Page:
A travel warning from the U.S. Department of State has been issued to all U.S. citizens regarding the security situation in Mexico.
Travelers should take “strong precautions” and reference state-by-state assessments, according to the DOS. Specific regions of Mexico have been affected and may vary.
Mexico is visited by millions of U.S citizens each year for different reasons, such as for education, leisure, business, and tourism. More than 150,000 cross the border every day. In 2012 alone, more than 20 million U.S. citizens visited Mexico, and because of the high visitation rate, the Department of State says Mexico makes a considerable effort to protect U.S. citizens and other foreign visitors to major tourist destinations, as well as other parts of Mexico.
“There is no evidence that Transnational Criminal Organizations (TCOs) have targeted U.S. visitors and residents based on their nationality,” according to a statement by the DOS. “Drug-related violence and crime are not reported in major resort areas and tourist destinations that are generally reported in the border region and major trafficking routes.”
U.S. travelers should be aware of the extensive effort the Mexican government engages in to reduce the amount of violence the involve TCOs engaging in narcotics trafficking and other unlawful activities throughout Mexico. TCOs themselves participate in a violent struggle to control the drug trafficking routes and other criminal activity.
Crime and violence is capable of occurring anywhere, not just in Mexico, according to the DOS. U.S. citizens have fallen victim to such crimes, including homicide, gun battles, and kidnapping. Innocent citizens have also been killed in narcotic-related activity between TCOs.
Here is the partial report by the State Department:
Strong precaution is encouraged as U.S. citizens consider traveling throughout the northern border region of Mexico. Gun battles between rival TCOs or with Mexican authorities have taken place in towns and cities in many parts of Mexico, particularly in the border region. Timing and location of such activity varies from broad daylight on streets and other public venues to restaurants and night clubs. U.S. citizens have been trapped in these situations and have also fallen victim to TCOs stealing their vehicles. Although the Mexican government makes a constant effort to quickly respond to such criminal activity, blockage of roads may prevent military and police to respond in a timely manner.
The number of kidnappings and disappearances throughout Mexico is of particular concern. Locals, expatriates, and local police have been victimized. Having a low profile and avoiding display of wealth that may draw attention is strongly advised. Carjacking and highway robbery are an additional concern in many parts of the border region. U.S. citizens have been victims and murdered in such incidents. Carjackers have used a variety of techniques to accomplish their task such as shooting, bumping, and running vehicles off the road. Newer, larger, and darker colored SUVs have been targeted the most and while these violent incidents have occurred at all hours of the day on both modern toll highways (“cuotas”), as well as secondary roads, these incidents are most common in the night time and on isolated roads. To reduce the risk of being engaged in such incidents, U.S. citizens are strongly encouraged and advised to travel by road during the daylight hours and to use toll roads whenever possible. Cooperation at all checkpoints is strongly advised since TCOs have erected their own unauthorized checkpoints, at times wearing police and military uniforms.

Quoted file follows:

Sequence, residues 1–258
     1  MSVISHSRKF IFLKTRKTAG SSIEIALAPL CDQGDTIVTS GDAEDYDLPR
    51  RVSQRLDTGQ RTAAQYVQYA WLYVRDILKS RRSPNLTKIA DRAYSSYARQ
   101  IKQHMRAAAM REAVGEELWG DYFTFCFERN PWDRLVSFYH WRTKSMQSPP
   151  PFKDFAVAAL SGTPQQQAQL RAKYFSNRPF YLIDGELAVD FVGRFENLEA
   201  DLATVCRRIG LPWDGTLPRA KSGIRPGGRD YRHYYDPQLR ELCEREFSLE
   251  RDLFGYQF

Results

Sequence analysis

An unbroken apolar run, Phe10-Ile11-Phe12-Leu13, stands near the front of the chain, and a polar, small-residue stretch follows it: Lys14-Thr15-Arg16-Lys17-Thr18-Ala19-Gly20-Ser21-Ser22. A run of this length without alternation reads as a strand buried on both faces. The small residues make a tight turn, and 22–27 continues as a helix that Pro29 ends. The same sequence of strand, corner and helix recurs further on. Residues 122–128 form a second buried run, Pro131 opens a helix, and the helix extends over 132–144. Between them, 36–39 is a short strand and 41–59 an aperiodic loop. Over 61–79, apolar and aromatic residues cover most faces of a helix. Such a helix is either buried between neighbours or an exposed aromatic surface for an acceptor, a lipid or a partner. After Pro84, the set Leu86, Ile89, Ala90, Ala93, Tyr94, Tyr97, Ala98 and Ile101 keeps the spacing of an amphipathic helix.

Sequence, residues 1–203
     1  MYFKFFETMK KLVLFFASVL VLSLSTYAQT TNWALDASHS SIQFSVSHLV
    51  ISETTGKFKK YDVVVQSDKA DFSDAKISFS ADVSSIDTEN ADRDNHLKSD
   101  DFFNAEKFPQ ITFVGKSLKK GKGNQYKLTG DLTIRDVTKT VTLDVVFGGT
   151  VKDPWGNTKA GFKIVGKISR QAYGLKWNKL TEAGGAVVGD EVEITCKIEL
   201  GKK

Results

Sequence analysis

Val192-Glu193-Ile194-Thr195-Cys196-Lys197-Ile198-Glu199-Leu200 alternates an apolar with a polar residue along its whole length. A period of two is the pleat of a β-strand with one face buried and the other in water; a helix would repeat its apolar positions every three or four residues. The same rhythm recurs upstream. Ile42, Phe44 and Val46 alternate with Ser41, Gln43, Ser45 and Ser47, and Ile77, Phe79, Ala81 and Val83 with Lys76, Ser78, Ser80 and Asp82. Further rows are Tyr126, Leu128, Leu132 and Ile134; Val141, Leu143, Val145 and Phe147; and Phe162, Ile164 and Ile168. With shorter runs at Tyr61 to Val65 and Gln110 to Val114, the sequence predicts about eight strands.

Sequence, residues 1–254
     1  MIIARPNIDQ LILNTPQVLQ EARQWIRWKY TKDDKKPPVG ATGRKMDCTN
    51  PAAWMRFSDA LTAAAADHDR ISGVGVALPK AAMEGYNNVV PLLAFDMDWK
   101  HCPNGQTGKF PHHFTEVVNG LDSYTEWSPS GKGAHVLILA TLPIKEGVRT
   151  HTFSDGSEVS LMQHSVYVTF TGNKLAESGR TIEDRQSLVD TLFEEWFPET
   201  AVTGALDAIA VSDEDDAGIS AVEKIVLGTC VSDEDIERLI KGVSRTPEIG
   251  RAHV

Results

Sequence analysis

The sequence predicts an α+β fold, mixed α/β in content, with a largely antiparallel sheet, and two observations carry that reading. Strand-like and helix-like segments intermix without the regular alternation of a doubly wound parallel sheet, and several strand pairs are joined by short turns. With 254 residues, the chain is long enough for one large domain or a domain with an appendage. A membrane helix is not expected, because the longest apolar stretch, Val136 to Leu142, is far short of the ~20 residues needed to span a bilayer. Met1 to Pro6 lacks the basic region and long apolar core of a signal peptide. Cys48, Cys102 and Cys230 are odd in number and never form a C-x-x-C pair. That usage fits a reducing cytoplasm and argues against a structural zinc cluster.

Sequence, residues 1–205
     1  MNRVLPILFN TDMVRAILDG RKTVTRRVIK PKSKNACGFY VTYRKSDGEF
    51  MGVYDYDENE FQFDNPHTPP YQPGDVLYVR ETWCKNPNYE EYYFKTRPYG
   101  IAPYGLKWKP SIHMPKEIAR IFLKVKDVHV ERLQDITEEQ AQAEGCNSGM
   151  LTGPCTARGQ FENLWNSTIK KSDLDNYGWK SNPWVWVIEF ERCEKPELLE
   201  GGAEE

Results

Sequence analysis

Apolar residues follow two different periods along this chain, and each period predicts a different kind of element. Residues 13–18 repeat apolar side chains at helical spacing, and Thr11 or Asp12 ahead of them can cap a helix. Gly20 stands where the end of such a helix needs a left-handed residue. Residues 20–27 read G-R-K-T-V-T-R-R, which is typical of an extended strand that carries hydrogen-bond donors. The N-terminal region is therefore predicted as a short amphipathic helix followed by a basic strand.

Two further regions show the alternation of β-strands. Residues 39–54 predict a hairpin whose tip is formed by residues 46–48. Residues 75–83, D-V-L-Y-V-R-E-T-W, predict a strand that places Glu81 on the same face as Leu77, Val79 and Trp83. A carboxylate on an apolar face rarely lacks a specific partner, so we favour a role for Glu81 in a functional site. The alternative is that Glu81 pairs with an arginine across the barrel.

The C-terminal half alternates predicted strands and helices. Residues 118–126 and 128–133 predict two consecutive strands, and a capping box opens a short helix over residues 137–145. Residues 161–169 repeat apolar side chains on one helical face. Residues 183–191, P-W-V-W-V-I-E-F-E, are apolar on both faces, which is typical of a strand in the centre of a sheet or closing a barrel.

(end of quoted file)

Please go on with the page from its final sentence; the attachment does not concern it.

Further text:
Restrictions on U.S. government employees’ (U.S. citizens working at the Embassy and the nine consulates throughout Mexico) travel has been imposed by the U.S. Mission in Mexico since July 15,2010. USG employees and their families are not permitted to travel by road from the U.S. – Mexico border to or from the interior of Mexico or Central America. Personal travel by vehicles is restricted to specific areas such as between Hermosillo and Nogales and may only be during daylight hours and the Highway 15 toll road (“cuota”). Personal travel to all areas in which it is advised to “defer non-essential travel” is prohibited to USG personnel and their families. While some travel for official purposes is essential, conduction of activity is with extensive security precautions. Personal travel is permitted to areas where no advisory is in effect. Although the general public is not forbidden to travel to such areas, USG personnel may not be available to quickly respond in cases of emergencies due to security precautions bestowed upon them in such destinations.